Skill Games Issue Keeps Vexing Lawmakers, Law Enforcement, Casinos

legal maze

Nothing appears likely to happen in the Pennsylvania Legislature regarding skill games legislation this year, but a couple of lawmakers are trying to stimulate discussion for an effort next year.

Sen. Gene Yaw and Rep. Jeff Wheeland held a press conference at the state Capitol last week to announce their plans to introduce legislation that would legalize and tax the controversial skill games, which are in widespread use under a gray area of Pennsylvania law.

The PennLive media site reported that the lawmakers want to allow the gambling machines in bars, private clubs, and fraternal organizations and tax their revenue at 16% — or less than one-third of what casinos are required to contribute from slot machine revenue.

PennLive noted that Yaw, a Williamsport Republican, represents a district that includes Miele Manufacturing, which produces the ubiquitous Pennsylvania Skill Games that were developed by Georgia-based Pace-O-Matic.

Penn Bets reported in September from an interview with Sen. John Yudichak, chairman of the Senate committee that oversees gambling issues, that no action on any such measures is expected this year, as there is no consensus among lawmakers and other issues have priority.

The two-year legislative session carries over into 2022, when consideration of new gaming bills is possible.

One factor in casinos cutting back slots

The issue of the skill games continues to be a vexing one, due to different legal opinions about them, support for them from clubs and businesses that say they provide a vital revenue boost, and opponents like the Pennsylvania Lottery and casinos that argue they pose unfair competition.

A case pending with Commonwealth Court over their legality could help settle questions about what to do about skill games, if the court acts before the legislature does. A Beaver County Common Pleas judge previously held that the element of skill involved in them — tied somewhat to a player’s memory — means the definition of illegal gambling should not be applied to them, but that is not a binding opinion statewide.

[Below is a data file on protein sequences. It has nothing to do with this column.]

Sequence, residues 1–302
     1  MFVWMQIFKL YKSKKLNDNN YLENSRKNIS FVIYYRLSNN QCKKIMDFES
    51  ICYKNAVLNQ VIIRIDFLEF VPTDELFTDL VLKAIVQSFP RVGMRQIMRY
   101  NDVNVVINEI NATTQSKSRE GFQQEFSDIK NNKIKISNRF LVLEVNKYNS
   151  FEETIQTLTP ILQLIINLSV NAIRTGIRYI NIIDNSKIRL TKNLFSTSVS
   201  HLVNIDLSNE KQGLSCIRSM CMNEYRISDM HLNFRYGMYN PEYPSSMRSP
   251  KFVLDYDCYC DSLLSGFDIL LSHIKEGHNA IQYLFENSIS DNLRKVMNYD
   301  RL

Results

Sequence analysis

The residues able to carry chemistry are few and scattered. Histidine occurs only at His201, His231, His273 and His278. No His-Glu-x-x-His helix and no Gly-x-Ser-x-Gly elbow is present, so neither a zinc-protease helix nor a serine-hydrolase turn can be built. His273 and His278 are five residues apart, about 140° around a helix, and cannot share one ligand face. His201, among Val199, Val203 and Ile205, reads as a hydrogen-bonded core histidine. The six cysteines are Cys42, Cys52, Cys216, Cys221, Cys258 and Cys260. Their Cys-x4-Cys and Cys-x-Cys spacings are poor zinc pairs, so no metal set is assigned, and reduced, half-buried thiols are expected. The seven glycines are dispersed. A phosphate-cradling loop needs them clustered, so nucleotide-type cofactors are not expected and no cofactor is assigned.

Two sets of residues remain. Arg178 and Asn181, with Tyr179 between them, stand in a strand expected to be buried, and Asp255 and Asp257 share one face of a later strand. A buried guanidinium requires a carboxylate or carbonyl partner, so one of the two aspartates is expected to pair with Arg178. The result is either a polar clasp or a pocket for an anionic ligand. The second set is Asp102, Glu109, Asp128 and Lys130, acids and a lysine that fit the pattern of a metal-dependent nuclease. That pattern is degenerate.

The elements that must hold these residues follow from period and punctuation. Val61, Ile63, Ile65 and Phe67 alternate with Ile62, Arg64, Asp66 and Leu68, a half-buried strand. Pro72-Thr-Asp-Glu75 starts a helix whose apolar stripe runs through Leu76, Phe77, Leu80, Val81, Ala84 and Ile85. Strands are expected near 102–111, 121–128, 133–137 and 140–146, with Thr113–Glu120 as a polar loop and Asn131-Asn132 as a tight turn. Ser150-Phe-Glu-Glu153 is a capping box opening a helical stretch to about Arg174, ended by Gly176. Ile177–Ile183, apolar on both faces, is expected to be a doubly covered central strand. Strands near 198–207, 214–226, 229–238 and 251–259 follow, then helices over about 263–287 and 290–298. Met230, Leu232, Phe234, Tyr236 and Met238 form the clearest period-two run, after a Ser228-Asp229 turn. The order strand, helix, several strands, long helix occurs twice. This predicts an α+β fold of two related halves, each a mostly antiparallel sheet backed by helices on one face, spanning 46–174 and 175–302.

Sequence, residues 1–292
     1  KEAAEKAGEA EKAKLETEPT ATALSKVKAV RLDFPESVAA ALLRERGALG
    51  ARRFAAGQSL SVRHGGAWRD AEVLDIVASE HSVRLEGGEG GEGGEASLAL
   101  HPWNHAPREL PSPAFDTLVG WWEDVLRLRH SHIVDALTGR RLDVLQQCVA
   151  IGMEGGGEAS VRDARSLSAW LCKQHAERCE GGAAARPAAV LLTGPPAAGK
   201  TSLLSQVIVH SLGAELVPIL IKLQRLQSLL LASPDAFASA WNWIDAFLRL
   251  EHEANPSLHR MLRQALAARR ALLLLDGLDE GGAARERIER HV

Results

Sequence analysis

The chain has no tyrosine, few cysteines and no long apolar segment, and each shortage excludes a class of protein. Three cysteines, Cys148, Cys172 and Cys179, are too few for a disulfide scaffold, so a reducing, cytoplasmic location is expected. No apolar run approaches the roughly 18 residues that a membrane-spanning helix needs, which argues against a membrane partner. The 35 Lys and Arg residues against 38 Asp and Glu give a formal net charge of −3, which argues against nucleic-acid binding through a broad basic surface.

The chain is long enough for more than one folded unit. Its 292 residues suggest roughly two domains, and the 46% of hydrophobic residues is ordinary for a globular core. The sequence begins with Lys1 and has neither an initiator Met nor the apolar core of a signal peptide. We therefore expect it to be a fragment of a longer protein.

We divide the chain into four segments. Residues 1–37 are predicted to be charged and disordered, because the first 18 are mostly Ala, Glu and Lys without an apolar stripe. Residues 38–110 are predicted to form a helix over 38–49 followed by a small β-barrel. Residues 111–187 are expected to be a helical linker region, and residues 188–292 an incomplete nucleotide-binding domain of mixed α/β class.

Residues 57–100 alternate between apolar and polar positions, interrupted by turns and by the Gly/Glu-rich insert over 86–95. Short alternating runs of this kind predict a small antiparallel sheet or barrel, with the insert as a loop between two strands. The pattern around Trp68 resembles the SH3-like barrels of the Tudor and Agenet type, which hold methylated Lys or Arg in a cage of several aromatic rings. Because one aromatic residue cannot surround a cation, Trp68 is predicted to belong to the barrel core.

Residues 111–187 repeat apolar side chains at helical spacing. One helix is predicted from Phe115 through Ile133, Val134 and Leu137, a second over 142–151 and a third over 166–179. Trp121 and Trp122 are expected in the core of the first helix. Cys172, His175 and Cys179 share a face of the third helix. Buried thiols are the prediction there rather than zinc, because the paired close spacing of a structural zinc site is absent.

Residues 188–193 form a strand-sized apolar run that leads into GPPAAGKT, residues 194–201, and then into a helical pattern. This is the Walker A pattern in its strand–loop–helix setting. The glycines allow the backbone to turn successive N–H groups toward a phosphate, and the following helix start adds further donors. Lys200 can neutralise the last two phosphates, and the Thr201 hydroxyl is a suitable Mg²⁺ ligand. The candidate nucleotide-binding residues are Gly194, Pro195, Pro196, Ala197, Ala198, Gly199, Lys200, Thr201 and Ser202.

The Pennsylvania Gaming Control Board has no authority over the devices, which are in use by the thousands in convenience stores, pizza outlets, and other enterprises in addition to clubs and bars. The board has taken an interest in them anyway while looking to protect the casino industry and the hundreds of millions of dollars in tax revenue the state derives from authorized slot machines.

Several casinos have been before the gaming board in recent months seeking and obtaining approval to reduce their number of slot machines. The casino representatives have outlined numbers showing that — while operating with fewer slots during and in the wake of COVID restrictions — they realized they could generate similar revenue with fewer machines, and thus reduce overhead costs while creating more comfortable spacing on their gaming floors.

The executives have not voluntarily pointed to competition from the questionable skill game machines as a reason to cut back their own offerings, but when pressed about them by gaming board staff in public hearings, the casinos have pointed to the skill games as a factor.

“Penn National contends skill machines have undoubtedly contributed to slot count reduction being necessary,” Penn National Gaming attorney Adrian King told the gaming board last week, though he stressed it was only “one of the direct causes” when a board staffer asked if the competition was the direct cause.

A tough issue right now for prosecution

The quandary for law enforcement authorities in handling the skill games was highlighted recently in a Clearfield County investigation.

An article in the Courier Express of DuBois noted that an investigation by the Pennsylvania State Police Bureau of Liquor Control Enforcement led to confiscation on Sept. 28 of skill games, ticket redemption terminals, and related cash at eight establishments in the county.

After the confiscations were challenged in county court by Pace-O-Matic, however, Clearfield District Attorney Ryan Sayers agreed to return the cash and ticket machines and abandon any plans to prosecute the establishments, according to the Courier Express.

“In the eyes of the commonwealth, these machines are still illegal gambling devices,” Sayers said. “However, because of the pending Commonwealth Court action … and the legislature discussing it, it’s going to end up on appeal anyhow. So we kind of saved a step. We’re going to take a step back pending the resolution by the higher court or the legislature.”

The article said state police are holding onto the Pennsylvania Skill Game machines for now, however, for investigative purposes.

Photo: Shutterstock

Author: Wanda Peters